Records show that Frederick Douglass personally helped hundreds of fugitives escape to freedom.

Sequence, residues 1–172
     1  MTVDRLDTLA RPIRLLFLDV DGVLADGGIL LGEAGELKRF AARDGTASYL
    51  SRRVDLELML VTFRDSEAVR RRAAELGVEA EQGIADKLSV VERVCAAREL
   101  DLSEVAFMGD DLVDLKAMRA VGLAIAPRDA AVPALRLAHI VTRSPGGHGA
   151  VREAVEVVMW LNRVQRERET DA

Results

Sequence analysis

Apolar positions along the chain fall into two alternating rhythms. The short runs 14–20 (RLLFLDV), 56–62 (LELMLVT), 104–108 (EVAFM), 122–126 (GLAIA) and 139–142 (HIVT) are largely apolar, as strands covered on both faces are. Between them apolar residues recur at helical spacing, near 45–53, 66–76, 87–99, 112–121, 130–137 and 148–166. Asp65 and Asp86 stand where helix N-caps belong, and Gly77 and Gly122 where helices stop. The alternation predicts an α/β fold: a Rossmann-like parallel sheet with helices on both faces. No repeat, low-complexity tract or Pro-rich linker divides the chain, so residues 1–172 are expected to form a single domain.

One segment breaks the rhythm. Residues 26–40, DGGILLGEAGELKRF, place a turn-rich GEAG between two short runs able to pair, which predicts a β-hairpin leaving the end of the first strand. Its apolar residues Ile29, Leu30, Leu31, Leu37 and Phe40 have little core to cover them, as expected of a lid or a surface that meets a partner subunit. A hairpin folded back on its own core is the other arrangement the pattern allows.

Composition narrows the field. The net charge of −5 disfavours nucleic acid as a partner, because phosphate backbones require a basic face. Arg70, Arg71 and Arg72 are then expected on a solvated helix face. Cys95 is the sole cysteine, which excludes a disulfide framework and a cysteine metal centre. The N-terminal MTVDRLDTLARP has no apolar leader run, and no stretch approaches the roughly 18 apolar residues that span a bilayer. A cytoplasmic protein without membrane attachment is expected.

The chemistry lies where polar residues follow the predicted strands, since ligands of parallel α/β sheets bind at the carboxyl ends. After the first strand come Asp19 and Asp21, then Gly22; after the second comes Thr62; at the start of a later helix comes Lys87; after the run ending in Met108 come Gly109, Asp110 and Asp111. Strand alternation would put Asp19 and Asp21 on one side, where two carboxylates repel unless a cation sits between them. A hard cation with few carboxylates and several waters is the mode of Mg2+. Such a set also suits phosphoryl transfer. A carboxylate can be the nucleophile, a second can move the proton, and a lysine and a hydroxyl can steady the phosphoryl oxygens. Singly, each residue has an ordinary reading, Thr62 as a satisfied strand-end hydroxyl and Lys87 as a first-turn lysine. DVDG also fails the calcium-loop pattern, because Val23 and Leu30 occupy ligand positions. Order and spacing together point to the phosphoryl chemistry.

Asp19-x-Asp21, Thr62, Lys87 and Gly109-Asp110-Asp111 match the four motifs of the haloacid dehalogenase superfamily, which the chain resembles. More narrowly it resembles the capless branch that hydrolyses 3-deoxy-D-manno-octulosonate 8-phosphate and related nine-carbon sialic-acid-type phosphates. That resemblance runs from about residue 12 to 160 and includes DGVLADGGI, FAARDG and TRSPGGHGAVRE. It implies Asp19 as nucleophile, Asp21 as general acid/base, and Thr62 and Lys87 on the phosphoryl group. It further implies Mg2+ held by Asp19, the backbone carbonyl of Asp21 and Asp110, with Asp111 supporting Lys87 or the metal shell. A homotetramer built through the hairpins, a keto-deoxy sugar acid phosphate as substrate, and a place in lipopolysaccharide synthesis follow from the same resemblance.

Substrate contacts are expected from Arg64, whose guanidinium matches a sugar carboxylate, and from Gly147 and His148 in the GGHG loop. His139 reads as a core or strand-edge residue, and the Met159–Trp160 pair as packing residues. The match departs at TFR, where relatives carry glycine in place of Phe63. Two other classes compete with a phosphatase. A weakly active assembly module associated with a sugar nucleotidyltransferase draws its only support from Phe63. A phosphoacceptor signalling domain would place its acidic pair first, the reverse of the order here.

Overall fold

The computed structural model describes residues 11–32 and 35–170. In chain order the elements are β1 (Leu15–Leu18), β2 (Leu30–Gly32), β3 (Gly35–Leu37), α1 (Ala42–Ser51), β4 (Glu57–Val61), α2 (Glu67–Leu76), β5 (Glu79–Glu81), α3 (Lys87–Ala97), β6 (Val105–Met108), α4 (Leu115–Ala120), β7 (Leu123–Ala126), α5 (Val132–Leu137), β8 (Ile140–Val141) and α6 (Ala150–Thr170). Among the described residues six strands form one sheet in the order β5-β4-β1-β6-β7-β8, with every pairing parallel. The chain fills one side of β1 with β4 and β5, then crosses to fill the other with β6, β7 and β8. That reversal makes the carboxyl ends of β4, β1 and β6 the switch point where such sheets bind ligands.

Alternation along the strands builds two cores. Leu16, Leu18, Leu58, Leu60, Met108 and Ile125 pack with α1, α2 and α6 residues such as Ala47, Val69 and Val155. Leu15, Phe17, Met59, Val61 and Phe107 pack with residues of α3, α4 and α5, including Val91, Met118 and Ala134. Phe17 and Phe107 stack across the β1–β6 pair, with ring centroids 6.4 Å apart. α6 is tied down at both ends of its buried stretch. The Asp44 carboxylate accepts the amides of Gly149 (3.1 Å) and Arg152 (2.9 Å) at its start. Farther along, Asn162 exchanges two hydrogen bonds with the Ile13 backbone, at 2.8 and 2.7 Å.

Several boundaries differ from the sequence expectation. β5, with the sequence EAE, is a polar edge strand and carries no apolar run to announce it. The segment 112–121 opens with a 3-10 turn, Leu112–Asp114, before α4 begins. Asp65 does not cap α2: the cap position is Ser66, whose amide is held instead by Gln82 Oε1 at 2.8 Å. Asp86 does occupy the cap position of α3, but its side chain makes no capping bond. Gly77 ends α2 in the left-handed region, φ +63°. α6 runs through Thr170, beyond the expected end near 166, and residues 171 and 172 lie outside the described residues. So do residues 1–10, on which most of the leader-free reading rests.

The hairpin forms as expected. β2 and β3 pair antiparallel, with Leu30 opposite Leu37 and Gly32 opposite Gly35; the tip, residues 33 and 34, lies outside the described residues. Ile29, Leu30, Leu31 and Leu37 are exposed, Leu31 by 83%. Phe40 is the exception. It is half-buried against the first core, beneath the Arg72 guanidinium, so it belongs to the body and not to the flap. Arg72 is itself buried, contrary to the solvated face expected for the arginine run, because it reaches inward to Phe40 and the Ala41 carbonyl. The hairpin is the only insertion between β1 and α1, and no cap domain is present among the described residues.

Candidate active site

“The underground railroad had many branches,” Frederick Douglass explained, “but that one with which I was connected had its main stations in Baltimore, Wilmington, Philadelphia, New York, Albany, Syracuse, Rochester, and St. Catherines (Canada). It is not necessary to tell who were the principal agents in Baltimore; Thomas Garrett was the agent in Wilmington; Melloe McKim, William Still, Robert Purvis, Edward M. Davis, and others, did the work in Philadelphia; David Ruggles, Isaac T. Hopper, Napolian, and others, in New York City; the Misses Mott and Stephen Myers were forwarders from Albany; Revs. Samuel J. May and J. W. Loguen were the agents in Syracuse; and J. P. Morris and myself received and dispatched passengers from Rochester to Canada, where they were received by Rev. Hiram Wilson.”